Winners and Losers from Regional Integration Agreements

15 Pages Posted: 9 Oct 2003

See all articles by Anthony J. Venables

Anthony J. Venables

University of Oxford; Centre for Economic Policy Research (CEPR)

Abstract

How are the benefits and costs of a customs union divided between member countries? Outcomes depend on the comparative advantage of members, relative to each other and relative to the rest of the world. Countries with a comparative advantage between that of their partners and the rest of the world do better than countries with an 'extreme' comparative advantage. Consequently, integration between low income countries tends to lead to divergence of member country incomes, while agreements between high income countries cause convergence. Results suggest that developing countries are likely to be better served by 'north-south' than by 'south-south' agreements.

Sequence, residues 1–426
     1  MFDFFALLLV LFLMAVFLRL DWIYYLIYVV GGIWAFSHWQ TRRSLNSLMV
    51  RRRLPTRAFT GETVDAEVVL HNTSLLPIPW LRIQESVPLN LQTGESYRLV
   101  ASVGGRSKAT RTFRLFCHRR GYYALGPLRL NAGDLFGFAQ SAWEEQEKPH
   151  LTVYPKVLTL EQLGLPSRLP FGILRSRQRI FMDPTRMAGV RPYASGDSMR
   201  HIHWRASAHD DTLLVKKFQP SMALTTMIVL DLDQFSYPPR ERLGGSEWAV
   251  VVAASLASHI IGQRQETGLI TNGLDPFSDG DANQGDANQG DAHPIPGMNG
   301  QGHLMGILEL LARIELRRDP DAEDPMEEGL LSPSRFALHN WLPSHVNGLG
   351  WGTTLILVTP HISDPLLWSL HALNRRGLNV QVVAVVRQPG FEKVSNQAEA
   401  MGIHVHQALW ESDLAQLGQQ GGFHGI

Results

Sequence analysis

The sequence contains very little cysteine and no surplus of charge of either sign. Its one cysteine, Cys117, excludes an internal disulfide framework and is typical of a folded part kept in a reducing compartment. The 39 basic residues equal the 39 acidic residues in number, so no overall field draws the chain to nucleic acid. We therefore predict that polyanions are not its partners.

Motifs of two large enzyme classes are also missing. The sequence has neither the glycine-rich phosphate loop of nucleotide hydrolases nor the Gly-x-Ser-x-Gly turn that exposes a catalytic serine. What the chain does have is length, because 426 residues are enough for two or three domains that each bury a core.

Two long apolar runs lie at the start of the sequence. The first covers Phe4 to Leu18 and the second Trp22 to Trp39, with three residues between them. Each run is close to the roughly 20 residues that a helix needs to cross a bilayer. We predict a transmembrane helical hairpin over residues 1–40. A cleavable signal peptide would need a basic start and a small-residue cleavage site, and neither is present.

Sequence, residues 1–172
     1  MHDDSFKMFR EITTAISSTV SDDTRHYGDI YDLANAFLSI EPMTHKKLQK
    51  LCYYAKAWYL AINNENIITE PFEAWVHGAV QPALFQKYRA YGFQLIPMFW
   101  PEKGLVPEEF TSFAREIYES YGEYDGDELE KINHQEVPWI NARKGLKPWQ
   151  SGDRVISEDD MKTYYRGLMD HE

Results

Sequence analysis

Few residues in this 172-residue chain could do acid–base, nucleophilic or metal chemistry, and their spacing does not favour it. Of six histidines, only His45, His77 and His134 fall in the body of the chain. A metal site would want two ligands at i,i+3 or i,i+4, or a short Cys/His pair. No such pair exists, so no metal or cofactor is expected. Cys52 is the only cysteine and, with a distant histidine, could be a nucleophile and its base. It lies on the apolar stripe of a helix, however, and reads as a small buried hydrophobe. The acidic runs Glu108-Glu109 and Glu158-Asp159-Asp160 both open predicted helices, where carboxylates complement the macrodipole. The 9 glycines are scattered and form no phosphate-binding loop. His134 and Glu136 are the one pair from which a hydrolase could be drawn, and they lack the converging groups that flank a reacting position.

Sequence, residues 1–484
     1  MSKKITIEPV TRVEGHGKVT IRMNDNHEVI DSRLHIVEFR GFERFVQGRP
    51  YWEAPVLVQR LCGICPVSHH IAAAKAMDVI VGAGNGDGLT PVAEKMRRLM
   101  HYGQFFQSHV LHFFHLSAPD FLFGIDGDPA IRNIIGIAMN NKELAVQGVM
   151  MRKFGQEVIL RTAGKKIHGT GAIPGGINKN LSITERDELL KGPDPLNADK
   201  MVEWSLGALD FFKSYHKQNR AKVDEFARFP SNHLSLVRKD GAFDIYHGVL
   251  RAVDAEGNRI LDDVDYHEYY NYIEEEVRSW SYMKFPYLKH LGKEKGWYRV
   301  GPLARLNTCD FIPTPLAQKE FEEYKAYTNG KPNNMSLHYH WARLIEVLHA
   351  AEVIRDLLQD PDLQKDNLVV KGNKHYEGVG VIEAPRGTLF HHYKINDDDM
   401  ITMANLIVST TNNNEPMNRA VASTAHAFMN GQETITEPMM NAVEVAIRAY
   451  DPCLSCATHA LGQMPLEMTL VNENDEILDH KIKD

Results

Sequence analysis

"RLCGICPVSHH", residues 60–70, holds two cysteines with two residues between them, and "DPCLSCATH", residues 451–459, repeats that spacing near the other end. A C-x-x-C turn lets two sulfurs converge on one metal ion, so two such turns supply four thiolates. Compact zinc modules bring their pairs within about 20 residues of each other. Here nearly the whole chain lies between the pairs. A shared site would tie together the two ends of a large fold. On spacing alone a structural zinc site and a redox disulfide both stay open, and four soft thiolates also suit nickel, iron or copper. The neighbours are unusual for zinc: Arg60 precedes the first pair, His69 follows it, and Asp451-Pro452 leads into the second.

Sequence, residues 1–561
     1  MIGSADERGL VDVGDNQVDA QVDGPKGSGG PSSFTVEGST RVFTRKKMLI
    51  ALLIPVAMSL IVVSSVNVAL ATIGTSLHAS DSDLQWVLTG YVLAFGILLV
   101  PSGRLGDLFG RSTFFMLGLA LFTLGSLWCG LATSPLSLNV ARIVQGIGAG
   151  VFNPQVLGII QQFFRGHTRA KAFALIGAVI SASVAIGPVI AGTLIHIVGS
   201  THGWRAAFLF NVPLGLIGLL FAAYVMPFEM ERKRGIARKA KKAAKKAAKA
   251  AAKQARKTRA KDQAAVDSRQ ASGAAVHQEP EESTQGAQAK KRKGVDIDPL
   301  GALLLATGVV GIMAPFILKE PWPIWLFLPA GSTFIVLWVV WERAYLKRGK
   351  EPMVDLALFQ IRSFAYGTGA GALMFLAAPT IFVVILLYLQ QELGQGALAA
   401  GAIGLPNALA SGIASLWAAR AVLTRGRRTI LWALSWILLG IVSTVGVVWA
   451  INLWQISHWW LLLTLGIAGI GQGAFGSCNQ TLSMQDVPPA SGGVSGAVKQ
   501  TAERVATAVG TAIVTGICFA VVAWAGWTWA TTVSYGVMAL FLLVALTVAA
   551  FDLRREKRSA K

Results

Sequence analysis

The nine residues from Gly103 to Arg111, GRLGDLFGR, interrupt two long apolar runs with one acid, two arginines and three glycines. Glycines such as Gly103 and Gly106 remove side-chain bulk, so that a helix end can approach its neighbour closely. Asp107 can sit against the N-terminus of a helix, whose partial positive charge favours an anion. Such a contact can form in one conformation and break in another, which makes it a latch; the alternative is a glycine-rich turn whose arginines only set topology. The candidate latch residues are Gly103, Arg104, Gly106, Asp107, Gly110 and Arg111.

Suggested Citation

Venables, Anthony J., Winners and Losers from Regional Integration Agreements. Economic Journal, Vol. 113, pp. 747-761, October 2003. Available at SSRN: https://ssrn.com/abstract=452761

Anthony J. Venables (Contact Author)

University of Oxford ( email )

Mansfield Road
Oxford, Oxfordshire OX1 4AU
United Kingdom

Centre for Economic Policy Research (CEPR)

London
United Kingdom

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